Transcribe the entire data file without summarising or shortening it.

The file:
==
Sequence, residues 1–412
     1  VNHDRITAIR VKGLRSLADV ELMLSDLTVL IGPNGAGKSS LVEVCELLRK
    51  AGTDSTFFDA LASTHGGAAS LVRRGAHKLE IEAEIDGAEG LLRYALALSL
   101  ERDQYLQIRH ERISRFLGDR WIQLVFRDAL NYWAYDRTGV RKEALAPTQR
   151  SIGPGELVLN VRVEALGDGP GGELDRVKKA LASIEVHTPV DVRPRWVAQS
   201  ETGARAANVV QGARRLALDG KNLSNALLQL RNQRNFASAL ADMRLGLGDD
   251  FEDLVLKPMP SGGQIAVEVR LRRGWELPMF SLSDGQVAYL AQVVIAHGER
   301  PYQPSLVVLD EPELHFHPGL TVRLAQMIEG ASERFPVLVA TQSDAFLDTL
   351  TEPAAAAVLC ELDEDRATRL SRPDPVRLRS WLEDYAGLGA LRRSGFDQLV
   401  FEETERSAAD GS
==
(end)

Sequence, residues 1–412
     1  VNHDRITAIR VKGLRSLADV ELMLSDLTVL IGPNGAGKSS LVEVCELLRK
    51  AGTDSTFFDA LASTHGGAAS LVRRGAHKLE IEAEIDGAEG LLRYALALSL
   101  ERDQYLQIRH ERISRFLGDR WIQLVFRDAL NYWAYDRTGV RKEALAPTQR
   151  SIGPGELVLN VRVEALGDGP GGELDRVKKA LASIEVHTPV DVRPRWVAQS
   201  ETGARAANVV QGARRLALDG KNLSNALLQL RNQRNFASAL ADMRLGLGDD
   251  FEDLVLKPMP SGGQIAVEVR LRRGWELPMF SLSDGQVAYL AQVVIAHGER
   301  PYQPSLVVLD EPELHFHPGL TVRLAQMIEG ASERFPVLVA TQSDAFLDTL
   351  TEPAAAAVLC ELDEDRATRL SRPDPVRLRS WLEDYAGLGA LRRSGFDQLV
   401  FEETERSAAD GS